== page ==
Let ABC be any triangle you draw.
From each vertex, draw two lines outside the triangle, each one at 30' (red arcs) with the sides that meet each other in the vertex.
These 6 lines cross, two by two, at 3 points, named M, N, and P.
Prove that, no matter what triangle ABC you draw initially, the triangle MNP is always equilateral.
(In reply to re: Napoleon's Theorem
I don't know of any purely geometric proof, but I have a trigonometric proof.
First, define some variables:
Let D be the measure of angle CAB
Let E be the measure of angle ABC
Let F be the measure of angle BCA
Let 2*d be the measure of BC
Let 2*e be the measure of AC
Let 2*f be the measure of AB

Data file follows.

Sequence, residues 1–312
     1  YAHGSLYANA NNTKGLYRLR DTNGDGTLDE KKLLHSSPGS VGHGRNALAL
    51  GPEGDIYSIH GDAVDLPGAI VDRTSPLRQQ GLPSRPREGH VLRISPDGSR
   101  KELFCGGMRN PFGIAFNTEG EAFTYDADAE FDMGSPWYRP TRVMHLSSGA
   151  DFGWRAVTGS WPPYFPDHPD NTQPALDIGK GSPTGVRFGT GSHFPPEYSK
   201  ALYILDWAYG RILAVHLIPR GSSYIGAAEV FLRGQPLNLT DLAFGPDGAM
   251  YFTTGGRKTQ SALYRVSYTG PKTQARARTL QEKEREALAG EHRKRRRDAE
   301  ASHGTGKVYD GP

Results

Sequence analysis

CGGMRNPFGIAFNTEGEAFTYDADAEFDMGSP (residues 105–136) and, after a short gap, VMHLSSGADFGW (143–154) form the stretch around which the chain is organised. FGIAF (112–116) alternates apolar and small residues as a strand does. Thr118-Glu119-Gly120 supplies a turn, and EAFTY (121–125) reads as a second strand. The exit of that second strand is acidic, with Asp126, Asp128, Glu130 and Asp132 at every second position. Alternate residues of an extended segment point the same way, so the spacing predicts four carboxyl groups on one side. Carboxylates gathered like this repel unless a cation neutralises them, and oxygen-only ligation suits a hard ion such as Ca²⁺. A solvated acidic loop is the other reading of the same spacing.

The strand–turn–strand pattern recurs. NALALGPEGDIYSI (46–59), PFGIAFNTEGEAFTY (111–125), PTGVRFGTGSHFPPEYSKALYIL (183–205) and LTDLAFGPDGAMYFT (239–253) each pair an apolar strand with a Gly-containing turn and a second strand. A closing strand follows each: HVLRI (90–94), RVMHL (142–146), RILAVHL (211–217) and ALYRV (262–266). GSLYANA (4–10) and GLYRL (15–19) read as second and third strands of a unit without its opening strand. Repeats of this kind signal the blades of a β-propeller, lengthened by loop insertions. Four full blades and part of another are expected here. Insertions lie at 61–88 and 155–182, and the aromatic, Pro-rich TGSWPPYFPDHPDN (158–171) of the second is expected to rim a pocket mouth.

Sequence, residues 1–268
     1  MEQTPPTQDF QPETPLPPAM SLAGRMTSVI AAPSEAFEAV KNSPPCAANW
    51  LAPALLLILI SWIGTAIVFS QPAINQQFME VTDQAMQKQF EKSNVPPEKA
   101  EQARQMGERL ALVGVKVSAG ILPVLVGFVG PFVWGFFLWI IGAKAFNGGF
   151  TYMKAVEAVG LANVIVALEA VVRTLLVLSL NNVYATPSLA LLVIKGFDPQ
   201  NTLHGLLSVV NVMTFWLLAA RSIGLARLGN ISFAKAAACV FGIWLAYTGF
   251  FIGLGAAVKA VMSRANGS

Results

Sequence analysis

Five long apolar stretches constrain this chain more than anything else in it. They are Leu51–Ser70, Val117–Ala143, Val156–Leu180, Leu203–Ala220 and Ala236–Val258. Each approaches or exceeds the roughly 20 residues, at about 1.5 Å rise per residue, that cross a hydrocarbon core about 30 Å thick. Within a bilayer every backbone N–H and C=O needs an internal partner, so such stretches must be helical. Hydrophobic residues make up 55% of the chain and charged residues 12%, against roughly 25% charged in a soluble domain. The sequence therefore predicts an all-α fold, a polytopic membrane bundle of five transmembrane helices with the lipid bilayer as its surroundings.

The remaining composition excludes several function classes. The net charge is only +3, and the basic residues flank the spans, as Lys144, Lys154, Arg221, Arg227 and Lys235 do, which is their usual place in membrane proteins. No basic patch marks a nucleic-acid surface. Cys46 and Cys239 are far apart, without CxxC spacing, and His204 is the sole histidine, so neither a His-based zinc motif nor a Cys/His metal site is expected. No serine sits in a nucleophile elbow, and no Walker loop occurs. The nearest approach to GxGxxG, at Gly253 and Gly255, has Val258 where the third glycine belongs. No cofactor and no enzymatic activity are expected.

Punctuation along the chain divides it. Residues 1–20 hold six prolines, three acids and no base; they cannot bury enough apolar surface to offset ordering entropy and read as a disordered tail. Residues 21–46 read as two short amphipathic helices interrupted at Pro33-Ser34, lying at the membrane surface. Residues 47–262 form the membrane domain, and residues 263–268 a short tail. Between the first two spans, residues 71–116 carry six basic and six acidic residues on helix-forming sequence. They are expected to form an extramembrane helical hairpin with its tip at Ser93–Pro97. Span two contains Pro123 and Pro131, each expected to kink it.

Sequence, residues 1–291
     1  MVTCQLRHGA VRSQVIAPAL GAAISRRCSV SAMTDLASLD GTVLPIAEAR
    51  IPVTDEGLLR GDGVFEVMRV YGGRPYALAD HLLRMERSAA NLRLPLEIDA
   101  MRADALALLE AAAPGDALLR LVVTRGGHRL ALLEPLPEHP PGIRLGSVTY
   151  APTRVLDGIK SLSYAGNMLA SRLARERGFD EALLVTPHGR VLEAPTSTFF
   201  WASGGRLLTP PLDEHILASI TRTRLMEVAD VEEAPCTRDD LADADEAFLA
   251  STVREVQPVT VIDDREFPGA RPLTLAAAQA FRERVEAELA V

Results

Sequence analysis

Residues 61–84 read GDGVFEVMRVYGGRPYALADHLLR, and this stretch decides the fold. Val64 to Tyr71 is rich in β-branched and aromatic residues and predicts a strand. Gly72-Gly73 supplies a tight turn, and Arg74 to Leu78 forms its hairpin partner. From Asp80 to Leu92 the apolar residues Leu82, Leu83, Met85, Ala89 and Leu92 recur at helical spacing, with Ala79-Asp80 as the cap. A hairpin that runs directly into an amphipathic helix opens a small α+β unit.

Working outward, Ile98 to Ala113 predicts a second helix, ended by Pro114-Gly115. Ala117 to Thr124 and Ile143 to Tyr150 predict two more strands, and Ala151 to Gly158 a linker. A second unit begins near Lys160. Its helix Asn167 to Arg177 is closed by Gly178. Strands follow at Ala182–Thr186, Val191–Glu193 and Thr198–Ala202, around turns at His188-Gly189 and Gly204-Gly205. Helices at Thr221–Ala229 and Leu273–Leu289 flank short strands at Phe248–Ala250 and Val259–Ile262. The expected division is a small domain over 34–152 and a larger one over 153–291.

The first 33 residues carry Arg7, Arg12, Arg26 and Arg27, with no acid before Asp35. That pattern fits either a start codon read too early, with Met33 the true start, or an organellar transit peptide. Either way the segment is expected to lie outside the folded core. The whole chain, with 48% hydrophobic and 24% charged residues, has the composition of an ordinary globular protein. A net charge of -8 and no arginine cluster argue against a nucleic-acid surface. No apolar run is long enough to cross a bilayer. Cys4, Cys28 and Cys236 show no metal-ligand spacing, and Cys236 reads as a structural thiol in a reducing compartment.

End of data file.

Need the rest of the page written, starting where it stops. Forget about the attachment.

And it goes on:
Applying the law of sines and law of cosines to triangle ABC yeilds:
cos D = (-d^2 + e^2 + f^2)/(2ef)
cos E = (d^2 - e^2 + f^2)/(2df)
cos F = (d^2 + e^2 - f^2)/(2de)
(sin F)/(2f) = (sin E)/(2e) = (sin D)/(2d)
Applying the law of cosines to triangles AMB, BPC, and CNP yields three equations using only the defined variables:
MP^2 = 3f^2 + 3d^2 - 6df*cos[E+60]
PN^2 = 3d^2 + 3e^2 - 6de*cos[F+60]
NM^2 = 3e^2 + 3f^2 - 6ef*cos[D+60]
The three expressions for the sides of MNP are symmetric, therefore proving any two are equal implies all three are equal.
Taking MP=PN yields:
f^2 - 2df*cos[E+60] = e^2 - 2de*cos[F+60]
Expanding the cosines using the cosine sum identity:
f^2 - df*cos[E] + sqrt*df*sin[E] = e^2 - de*cos[F] + sqrt*de*sin[F]
The two terms sqrt*df*sin[E] and sqrt*de*sin[F] are equal according to the sine equation above. Cancelling those terms and substituting expressions for cos[E] and cos[F] yields:
f^2 - df*(d^2 - e^2 + f^2)/(2df) = e^2 - de*(d^2 + e^2 - f^2)/(2de)
Each side of the equation reduces to (e^2+f^2)/2, therefore MP does equal PN and by symmetry MNP is equilateral.